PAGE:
But fields aren't people; you don't owe them any loyalty. If in the course of working on one thing you discover another that's more exciting, don't be afraid to switch.
If you're making something for people, make sure it's something they actually want. The best way to do this is to make something you yourself want. Write the story you want to read; build the tool you want to use. Since your friends probably have similar interests, this will also get you your initial audience.
The rest of this long essay is a mix of tactics and a description of what setbcks and progress look like. Much of it is non-obvious and the explanations have an air of hard-fought wisdom.

From Taste For Makers

"I found that the interesting parts of programming, you can't make scientific. Start-ups are the same. What makes a programmer good at programming is more like what makes a painter good at painting. It is something a little less organized. It is taste, a sense of design, a certain neck.”
I was talking recently to a friend who teaches at MIT. His field is hot now." He's writing this back in 2002. "His field is hot now, and every year, he is inundated by applications from would-be graduate students. A lot of them seems smart, he said. What I can't tell is whether they have any kind of taste. Taste. You don't hear that word much now. And yet, we still need the underlying concept, whatever we call it. Well, my friend Matt was that he wanted students who were not just good technicians, but who could also use their technical knowledge to design beautiful things.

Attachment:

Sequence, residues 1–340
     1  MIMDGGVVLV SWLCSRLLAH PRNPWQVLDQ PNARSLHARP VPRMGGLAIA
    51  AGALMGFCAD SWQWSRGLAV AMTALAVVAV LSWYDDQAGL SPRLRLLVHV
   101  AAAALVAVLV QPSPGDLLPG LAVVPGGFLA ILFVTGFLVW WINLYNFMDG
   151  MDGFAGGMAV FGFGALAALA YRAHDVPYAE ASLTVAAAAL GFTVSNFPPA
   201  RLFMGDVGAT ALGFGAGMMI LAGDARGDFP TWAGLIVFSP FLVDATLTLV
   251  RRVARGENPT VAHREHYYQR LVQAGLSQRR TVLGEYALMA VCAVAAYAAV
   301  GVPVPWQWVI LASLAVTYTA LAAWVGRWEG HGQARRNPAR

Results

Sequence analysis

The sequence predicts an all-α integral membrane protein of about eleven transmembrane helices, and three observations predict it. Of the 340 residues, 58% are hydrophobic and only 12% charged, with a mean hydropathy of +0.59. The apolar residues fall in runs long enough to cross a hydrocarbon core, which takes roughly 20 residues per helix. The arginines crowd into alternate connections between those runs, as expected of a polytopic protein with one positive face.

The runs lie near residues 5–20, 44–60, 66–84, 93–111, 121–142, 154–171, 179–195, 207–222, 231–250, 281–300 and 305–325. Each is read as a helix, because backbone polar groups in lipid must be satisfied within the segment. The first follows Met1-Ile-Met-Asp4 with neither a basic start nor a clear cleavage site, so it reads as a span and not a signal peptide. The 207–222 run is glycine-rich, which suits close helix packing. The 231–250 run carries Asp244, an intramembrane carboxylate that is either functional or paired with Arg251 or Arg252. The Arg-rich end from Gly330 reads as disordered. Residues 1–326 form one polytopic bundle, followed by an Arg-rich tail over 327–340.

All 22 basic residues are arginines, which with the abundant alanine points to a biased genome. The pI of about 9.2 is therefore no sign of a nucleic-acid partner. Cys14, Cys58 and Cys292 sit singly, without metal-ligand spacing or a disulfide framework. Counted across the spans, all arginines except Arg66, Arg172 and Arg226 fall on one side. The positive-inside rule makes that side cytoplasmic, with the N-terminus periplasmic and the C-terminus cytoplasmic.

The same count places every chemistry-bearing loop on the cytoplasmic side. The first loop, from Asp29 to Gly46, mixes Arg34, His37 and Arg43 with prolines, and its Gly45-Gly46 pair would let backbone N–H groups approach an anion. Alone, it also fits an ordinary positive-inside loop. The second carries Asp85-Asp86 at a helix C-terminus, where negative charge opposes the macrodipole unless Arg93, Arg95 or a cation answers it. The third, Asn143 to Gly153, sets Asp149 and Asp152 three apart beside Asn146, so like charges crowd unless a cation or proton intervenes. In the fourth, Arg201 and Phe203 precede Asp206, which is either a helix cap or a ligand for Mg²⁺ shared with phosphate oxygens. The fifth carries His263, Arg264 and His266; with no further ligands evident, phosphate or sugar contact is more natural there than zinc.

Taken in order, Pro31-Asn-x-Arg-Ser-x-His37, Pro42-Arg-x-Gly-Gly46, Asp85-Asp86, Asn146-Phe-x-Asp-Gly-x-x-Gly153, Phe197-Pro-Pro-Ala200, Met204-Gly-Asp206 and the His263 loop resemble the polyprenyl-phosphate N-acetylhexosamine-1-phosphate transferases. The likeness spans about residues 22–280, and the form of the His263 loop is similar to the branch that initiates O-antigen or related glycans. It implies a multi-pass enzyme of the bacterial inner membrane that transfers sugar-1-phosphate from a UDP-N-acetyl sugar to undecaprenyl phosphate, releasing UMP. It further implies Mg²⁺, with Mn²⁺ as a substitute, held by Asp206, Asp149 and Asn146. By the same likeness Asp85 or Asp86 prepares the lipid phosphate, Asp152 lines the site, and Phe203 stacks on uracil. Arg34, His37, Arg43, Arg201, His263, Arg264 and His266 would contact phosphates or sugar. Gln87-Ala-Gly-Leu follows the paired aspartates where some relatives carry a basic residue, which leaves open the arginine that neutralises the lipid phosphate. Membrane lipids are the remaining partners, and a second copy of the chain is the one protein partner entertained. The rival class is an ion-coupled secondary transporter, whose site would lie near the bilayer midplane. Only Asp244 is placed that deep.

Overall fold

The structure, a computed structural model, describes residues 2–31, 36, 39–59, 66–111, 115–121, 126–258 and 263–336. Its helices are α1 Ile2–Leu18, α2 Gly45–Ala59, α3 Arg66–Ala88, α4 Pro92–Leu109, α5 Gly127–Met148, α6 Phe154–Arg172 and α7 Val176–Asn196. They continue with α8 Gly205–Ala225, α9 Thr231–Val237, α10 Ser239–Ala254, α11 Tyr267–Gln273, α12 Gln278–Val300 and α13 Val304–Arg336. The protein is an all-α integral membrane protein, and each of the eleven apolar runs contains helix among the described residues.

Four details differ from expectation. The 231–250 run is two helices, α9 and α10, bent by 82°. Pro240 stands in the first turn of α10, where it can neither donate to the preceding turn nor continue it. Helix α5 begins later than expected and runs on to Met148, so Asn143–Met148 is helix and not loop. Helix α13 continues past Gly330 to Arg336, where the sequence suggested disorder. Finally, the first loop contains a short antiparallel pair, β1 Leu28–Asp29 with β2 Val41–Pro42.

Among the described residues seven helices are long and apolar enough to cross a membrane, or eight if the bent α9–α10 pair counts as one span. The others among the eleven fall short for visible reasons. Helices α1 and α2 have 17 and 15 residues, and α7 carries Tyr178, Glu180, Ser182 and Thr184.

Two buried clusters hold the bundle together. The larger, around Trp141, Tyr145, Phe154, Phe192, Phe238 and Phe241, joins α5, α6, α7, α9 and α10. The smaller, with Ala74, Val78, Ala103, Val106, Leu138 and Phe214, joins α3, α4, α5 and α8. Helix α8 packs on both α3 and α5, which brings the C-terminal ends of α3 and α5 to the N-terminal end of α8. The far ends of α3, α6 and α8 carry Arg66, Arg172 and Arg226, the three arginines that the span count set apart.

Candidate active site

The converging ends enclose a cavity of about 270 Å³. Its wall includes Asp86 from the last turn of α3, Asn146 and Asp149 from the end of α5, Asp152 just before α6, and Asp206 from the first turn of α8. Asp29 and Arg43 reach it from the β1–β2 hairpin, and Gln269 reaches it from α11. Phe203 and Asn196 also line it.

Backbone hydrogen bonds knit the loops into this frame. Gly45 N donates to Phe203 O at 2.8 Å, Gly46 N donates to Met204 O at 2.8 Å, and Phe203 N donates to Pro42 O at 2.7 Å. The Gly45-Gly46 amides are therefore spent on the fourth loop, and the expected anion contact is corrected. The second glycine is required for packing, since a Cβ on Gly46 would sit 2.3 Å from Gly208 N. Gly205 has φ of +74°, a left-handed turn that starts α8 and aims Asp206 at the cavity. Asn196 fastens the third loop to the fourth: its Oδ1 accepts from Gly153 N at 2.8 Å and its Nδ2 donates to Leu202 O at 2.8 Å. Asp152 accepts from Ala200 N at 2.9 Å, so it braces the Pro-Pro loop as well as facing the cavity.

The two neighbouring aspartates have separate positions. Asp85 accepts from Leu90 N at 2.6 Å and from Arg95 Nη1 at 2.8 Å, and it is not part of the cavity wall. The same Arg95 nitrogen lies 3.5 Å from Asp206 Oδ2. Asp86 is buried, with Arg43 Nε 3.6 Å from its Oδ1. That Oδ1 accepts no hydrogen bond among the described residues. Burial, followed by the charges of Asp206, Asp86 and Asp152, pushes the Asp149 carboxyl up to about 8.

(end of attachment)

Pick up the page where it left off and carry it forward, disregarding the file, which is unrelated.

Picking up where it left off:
For those of us who design things, these are not just theoretical questions. We need good taste to make good things. Let's try considering it as a practical question: How do you make good stuff?
If you mention taste nowadays, a lot of people will tell you that, 'taste is subjective.' They believe this because it really feels that way to them. Saying that taste is just a personal preference is a good way to prevent disputes. The trouble is, it's not true. You feel this when you start to design things. Whatever job people do, they naturally want to do it better. Football players like to win games. CEOs like to increase earnings. It's a matter of pride and a real pleasure to get better at your job," which is why I think people read essays like this, read biographies of people that have achieved great things. Whatever job people have, they naturally want to do better.
As in any job, as you continue to design things, you'll get better at it. Your taste will change. And like anyone who gets better at their job, you'll know you're getting better. If so, your old taste were not merely different, but worse. Poof, goes the axiom that taste can't be wrong.

Good design

Good design is timeless. If something is ugly, it can't be the best solution. There must be a better one and eventually someone else will discover it. Aiming at timelessness is a way to make yourself find the best answer. Time is the best filter. Strangely enough, if you want to make something that will appeal to future generations, one way to do it is to try to appeal to past generations. If you can make something that appeals to people today and would also have appealed to people in the year 1500, there's a good chance that it will appeal to people in the year 2500.